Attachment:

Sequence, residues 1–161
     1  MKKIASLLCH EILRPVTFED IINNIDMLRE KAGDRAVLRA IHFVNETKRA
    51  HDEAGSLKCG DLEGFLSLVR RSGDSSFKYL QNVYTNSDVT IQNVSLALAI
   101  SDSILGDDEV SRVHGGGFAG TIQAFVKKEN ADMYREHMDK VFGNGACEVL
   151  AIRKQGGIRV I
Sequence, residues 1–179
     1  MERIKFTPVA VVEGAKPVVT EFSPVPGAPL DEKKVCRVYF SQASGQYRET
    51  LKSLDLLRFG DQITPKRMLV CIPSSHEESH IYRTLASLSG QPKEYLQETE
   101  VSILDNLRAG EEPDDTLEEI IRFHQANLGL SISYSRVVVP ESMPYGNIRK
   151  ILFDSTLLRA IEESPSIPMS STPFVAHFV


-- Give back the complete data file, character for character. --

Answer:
Sequence, residues 1–161
     1  MKKIASLLCH EILRPVTFED IINNIDMLRE KAGDRAVLRA IHFVNETKRA
    51  HDEAGSLKCG DLEGFLSLVR RSGDSSFKYL QNVYTNSDVT IQNVSLALAI
   101  SDSILGDDEV SRVHGGGFAG TIQAFVKKEN ADMYREHMDK VFGNGACEVL
   151  AIRKQGGIRV I
Sequence, residues 1–179
     1  MERIKFTPVA VVEGAKPVVT EFSPVPGAPL DEKKVCRVYF SQASGQYRET
    51  LKSLDLLRFG DQITPKRMLV CIPSSHEESH IYRTLASLSG QPKEYLQETE
   101  VSILDNLRAG EEPDDTLEEI IRFHQANLGL SISYSRVVVP ESMPYGNIRK
   151  ILFDSTLLRA IEESPSIPMS STPFVAHFV